It is an object of this invention to provide a pressuresensitive ink supply transfer sheet which does not appear to include colored ink or the capability to transfer colored ink prior to application of pressure; which, on application of pressure, transfers colored ink to any contacting receiving sheet; and which, after transfer of colored ink, has all residual traces of untransferred colored ink decolorcd so that the sheet does not appear to include colored ink or the capability to transfer colored inkv BRIEF DESCRIPTION OF THE DRAWING FIG. 1 represents a highly diagrammatic representa tion of a corner edge of the present invention and FIG. 2 is a cross-sectional view of the invention in use.

At FIG. 1 a, pressure-sensitive ink supply transfer sheet 10 comprises the substrate 13 coated by a film layer 12 and a topcoat I]. At FIG. I h, the film layer 12 is shown in schematic cross-sectional detail with a continuous polymeric matrix 30 and finely-divided dye decoloring material 31 substantially homogeneously distributed therethroughout. Alternative arrangements of the matrix 30 and the decoloring material 31 include dissolving the decoloring material 3I in the liquid system of polymer prior to its application as the matrix 30. Such an arrangement can be viewed as a system wherein the decoloring material 31 is molecularly finely-divided. Also, although not preferred, the decoloring material 31 can be substantially homogeneously distributed over the surface of matrix 30 but concentrated at or near the interface between the film layer 12 and the topcoat 11. Additionally, at FIG. I h, the topcoat 11 is shown in schematic cross-sectional detail with microcapsules containing colorless but colorable basic chromogenic material 22 and microcapsulcs containing colorless acid chromogenic coreactant material 21 randomly distributed and held together as a cohesive coating by binder material 20. Although it is included in the embrace of the definition of topcoat II that capsules of chromogenic material 22 and capsules of chromogenic coreactant 21 can be substantially segregated and located in individual layers bound together by binder material 20, such latter arrangement is not preferred.

FIG. 2 provides a schematic cross-sectional representation, in steps, of the invention in use to develop a mark. A receiving surface 40, which might be an untreated sheet of paper or some other, preferably porous, absorptive, material, is positioned in contact with the pressure-sensitive ink supply transfer sheet 10. At FIG. 2 a, pressure is applied to the substrate surface, as indicated, deforming the substrate I3 which, in turn, deforms the film layer I2 and forces the topcoat II into a compressed state thus rupturing the microcapsules. Chromogenic material and chromogenic coreactant are released from the ruptured microcapsules to yeild a colored reaction product 50. At FIG. 2 h, pressure has been released, deformation of the transfer sheet 10 has diminished, and the untransferred portion of the colored reaction product 50 remaining in the topcoat I] is being decolored by material from the film layer I2. At FIG. 2 4', deformation of the sheet 10 has nearly disappeared and the untransferred colored reaction product 50 in the topcoat II has been completely decolored while the transferred colored reaction product 50 in the receiving surface 40 remains uneffected.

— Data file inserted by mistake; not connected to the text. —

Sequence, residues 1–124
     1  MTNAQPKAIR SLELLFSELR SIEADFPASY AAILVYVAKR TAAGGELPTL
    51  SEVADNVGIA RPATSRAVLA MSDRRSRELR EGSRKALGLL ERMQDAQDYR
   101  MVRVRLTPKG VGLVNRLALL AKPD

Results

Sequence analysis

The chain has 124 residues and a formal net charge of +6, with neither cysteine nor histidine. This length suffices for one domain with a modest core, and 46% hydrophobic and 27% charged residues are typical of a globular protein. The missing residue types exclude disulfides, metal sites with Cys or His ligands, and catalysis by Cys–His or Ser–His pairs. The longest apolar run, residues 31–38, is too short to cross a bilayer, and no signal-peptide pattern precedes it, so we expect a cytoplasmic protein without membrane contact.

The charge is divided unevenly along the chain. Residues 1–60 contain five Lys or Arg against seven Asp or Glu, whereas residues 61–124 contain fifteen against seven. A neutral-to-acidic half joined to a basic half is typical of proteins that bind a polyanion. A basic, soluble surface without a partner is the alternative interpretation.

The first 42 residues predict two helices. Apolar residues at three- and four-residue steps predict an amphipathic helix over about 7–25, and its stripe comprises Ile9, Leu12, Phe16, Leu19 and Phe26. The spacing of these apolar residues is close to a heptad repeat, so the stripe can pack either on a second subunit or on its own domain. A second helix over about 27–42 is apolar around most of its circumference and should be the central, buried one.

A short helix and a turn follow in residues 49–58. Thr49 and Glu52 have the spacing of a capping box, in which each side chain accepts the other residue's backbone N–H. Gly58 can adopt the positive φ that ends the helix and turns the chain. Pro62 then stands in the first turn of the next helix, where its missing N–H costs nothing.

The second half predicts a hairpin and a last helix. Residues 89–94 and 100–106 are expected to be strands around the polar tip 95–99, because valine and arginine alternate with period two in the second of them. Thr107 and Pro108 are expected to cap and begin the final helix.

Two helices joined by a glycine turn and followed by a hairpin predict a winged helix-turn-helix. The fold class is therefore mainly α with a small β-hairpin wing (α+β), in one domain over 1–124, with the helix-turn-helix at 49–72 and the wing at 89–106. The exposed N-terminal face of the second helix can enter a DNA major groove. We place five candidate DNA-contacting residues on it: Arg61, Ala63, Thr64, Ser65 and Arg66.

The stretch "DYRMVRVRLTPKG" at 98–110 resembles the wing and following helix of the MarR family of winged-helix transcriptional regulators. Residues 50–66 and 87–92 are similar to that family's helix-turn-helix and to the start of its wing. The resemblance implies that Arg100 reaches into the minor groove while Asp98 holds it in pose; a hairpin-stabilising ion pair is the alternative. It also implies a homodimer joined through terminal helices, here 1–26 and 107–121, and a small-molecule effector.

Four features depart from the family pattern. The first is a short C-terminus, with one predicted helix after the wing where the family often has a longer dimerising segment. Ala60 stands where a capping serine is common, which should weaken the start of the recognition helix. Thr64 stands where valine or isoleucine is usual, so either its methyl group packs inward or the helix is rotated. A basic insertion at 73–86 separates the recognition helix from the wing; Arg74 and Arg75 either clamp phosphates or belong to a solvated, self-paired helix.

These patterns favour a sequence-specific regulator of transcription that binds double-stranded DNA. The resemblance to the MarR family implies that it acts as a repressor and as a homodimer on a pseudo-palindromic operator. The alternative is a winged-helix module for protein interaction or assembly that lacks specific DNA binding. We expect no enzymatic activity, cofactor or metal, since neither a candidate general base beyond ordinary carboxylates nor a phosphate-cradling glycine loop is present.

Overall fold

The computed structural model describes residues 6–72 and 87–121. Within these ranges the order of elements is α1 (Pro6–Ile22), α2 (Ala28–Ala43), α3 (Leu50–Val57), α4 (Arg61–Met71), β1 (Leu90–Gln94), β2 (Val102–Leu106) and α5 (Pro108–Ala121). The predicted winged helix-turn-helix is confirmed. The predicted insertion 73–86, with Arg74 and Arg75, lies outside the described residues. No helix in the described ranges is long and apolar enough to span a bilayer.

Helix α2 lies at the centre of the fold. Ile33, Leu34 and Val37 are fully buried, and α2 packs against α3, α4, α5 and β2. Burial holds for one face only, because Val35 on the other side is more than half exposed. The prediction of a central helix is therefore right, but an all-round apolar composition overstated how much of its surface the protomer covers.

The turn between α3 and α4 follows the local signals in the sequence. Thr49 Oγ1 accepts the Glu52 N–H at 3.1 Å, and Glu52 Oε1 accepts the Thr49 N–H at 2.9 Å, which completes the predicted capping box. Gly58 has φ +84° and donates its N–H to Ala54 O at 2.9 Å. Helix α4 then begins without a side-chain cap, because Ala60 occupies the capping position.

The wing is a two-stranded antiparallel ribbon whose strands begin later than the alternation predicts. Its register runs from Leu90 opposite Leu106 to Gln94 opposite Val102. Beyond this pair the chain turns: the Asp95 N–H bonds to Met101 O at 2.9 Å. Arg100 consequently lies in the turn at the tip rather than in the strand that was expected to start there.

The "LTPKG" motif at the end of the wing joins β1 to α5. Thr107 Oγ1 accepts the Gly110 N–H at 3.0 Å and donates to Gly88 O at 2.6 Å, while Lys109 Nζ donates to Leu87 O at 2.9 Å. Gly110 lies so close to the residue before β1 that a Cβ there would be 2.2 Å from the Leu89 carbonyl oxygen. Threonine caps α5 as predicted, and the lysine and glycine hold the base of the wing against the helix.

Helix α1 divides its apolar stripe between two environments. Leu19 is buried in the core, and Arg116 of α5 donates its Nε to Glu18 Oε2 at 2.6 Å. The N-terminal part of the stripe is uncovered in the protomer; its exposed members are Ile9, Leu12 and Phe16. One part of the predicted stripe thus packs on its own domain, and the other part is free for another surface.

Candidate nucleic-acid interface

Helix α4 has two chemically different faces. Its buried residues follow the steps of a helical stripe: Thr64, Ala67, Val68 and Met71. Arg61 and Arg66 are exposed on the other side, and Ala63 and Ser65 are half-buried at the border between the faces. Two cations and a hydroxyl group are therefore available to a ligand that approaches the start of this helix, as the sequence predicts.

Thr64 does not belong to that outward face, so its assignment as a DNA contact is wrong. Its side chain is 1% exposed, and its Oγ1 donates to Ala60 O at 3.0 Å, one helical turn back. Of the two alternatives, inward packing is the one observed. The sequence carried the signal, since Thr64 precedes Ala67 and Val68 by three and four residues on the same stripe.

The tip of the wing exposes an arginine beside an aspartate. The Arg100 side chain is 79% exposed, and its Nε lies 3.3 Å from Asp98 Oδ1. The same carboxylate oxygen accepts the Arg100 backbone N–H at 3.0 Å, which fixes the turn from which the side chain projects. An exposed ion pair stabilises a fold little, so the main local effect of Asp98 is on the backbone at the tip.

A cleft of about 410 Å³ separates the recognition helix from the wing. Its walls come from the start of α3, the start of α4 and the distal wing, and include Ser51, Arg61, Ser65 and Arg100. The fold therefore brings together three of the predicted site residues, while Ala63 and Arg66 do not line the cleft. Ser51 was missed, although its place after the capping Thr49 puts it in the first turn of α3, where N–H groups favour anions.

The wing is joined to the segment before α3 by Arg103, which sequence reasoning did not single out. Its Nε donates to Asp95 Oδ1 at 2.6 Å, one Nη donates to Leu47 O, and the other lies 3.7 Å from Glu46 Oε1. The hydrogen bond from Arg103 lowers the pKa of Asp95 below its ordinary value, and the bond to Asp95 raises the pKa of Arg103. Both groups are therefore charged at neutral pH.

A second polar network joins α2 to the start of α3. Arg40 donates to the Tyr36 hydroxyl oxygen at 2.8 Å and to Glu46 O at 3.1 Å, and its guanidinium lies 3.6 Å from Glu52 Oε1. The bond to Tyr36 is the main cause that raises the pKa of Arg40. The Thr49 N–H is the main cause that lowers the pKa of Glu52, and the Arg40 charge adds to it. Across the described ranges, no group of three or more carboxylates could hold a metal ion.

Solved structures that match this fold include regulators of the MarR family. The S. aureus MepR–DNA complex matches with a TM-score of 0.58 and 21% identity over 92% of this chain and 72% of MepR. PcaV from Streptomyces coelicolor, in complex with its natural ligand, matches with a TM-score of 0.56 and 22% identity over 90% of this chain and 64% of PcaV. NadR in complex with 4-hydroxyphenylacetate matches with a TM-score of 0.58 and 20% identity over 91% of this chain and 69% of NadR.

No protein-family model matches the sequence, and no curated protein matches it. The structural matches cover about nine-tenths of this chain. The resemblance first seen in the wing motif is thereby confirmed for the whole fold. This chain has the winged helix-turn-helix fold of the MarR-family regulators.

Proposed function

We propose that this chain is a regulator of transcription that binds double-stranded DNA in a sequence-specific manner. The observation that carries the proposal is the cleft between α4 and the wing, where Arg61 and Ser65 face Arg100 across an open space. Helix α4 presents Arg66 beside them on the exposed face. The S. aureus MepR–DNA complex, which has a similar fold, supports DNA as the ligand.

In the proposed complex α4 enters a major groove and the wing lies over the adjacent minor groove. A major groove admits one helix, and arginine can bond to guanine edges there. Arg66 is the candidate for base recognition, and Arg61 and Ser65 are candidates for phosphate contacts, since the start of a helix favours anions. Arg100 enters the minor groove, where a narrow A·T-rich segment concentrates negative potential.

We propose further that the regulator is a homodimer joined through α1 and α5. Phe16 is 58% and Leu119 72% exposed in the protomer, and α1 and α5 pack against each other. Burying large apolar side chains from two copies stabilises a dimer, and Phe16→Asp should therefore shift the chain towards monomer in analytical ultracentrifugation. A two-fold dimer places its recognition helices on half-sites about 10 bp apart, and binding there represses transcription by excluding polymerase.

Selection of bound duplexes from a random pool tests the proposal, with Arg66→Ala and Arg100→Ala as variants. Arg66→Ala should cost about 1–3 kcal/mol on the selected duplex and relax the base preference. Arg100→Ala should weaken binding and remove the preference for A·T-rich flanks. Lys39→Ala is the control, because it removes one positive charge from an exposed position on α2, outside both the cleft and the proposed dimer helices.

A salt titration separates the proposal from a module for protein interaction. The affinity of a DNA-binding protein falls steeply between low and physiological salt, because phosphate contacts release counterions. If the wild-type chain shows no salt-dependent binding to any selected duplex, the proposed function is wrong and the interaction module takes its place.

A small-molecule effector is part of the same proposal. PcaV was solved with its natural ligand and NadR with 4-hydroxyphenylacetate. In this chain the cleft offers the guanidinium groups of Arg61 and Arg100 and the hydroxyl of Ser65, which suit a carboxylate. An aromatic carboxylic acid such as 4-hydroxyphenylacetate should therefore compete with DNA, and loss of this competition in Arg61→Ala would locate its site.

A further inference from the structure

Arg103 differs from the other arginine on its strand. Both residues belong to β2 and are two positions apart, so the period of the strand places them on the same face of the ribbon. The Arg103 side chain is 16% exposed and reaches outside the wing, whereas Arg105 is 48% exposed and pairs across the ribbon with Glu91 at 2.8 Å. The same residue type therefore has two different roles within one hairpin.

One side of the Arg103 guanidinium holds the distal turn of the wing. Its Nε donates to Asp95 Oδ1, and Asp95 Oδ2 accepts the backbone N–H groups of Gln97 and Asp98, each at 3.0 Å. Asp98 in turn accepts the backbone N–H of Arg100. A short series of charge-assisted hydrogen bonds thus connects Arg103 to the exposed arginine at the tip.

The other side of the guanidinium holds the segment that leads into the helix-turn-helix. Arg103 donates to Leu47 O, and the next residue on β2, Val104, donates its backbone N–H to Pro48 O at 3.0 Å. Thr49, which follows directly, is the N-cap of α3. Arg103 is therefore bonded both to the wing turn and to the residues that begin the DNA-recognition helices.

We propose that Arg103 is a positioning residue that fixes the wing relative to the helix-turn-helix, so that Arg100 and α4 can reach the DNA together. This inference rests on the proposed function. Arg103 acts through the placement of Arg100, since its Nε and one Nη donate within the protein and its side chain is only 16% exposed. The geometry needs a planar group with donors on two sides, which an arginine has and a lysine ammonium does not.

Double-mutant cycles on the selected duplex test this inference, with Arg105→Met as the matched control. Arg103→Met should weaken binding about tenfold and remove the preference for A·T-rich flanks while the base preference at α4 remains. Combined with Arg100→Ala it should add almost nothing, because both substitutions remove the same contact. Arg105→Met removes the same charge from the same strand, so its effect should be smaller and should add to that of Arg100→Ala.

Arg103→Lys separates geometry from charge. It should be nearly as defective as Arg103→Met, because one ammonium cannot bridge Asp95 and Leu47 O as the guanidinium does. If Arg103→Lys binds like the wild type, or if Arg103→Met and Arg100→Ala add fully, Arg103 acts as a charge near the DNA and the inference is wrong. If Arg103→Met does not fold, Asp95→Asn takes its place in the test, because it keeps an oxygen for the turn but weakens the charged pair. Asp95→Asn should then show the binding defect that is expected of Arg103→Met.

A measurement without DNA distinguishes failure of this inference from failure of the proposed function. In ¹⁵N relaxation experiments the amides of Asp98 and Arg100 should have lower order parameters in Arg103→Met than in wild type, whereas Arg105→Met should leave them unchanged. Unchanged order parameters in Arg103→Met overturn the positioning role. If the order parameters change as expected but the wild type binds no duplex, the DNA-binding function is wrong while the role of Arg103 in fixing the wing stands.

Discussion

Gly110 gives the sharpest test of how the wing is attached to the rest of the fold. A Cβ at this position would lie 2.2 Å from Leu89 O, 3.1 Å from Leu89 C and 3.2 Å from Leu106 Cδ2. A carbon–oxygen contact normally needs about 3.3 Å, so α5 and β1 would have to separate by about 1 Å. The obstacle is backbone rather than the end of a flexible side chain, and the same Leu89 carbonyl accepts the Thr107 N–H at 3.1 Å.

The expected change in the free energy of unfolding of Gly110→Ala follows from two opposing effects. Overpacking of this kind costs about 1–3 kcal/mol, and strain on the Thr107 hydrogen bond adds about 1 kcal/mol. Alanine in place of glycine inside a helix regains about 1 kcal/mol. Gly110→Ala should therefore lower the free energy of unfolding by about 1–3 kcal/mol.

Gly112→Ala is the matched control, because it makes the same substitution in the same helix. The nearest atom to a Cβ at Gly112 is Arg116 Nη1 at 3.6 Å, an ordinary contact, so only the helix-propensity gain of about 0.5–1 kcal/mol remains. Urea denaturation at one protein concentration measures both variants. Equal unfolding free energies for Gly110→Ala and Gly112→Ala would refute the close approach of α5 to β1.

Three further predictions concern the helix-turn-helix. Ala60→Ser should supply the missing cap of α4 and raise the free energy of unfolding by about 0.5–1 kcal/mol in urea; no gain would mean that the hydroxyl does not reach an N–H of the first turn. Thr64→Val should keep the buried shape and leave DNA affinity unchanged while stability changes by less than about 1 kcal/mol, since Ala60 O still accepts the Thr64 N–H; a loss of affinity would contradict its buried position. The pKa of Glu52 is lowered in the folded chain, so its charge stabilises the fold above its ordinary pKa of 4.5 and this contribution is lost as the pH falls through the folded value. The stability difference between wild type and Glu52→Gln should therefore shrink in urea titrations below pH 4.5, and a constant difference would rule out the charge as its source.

The drawings of FIGS. I and 2 are not to scale and, to more clearly present the various facets of this invention. neither are the components within a drawing presented in a relative scale. Hatching is omitted from the cross-sectional views to more clearly depict details of the elements and details of the operation of the invention.

DETAILED DESCRIPTION OF 'IHF INVENTION The invention relates to an improved kind of transfer sheet wherein a colorless liquid system is carried on a substrate sheet, a colored liquid ink is transferred from the sheet on application of pressure, and any residual untransferred liquid ink on the substrate sheet is rendered colorless without a trace. The improved transfer sheet includes three major elements.

THE SUBSTRATE The substrate is simply a carrier for the coatings and layers and can be in the form of a sheet. ribbon, tape and the like, either flat or substantially flat or conforming or conformable to some predetermined contour. For present purposes, the word sheet" will be deemed to embrace all of those carriers. Whatever the form of the substrate, it is essentially a two dimensional article having major length and width dimensions and only minor dimensions of thinness. The length and the width are immaterial for consideration of the present invention; but the thinness may be significant as a part of a requirement for flexibility in the substrate material The ink supply sheet is pressure sensitive and the pressure to which it is sensitive is applied directly to the substrate and transmitted therethrough to the microcapsules of the topcoat. The substrate must be thin enough, commensurate with the kind of material from which it is made, that any efiective applied pressure will be conducted through the sheet and arrive at the topcoat maintaining adequate desired or required resolution of the pressure image. The requirements that the substrate be flexible and pressure conductive demand also a certain firmness in the substrate material such that applied pressure is not lost in mere compression of the substrate but is, instead, transmitted through the substrate emerging not appreciably diminished at the other side,

To preferred material of the substrate is fibrous, absorbent and non-woven. Paper, including cellulose or cellulose derivatives, is preferred and is presently used. Such paper provides the desired flexibility when used in convenient thinnesses; and paper has been used almost exclusively in the past for manufacture of pressure-sensitive media. Other eligible substrate materials include those woven or not, fibrous or not, absorbent or not. In other words, the substrate material is not limited by previous use;plastic film, spun polymer webbing or sheet, natural or synthetic textiles, metal foils, and the like all being eligible. The substrate can be a composite of material layers.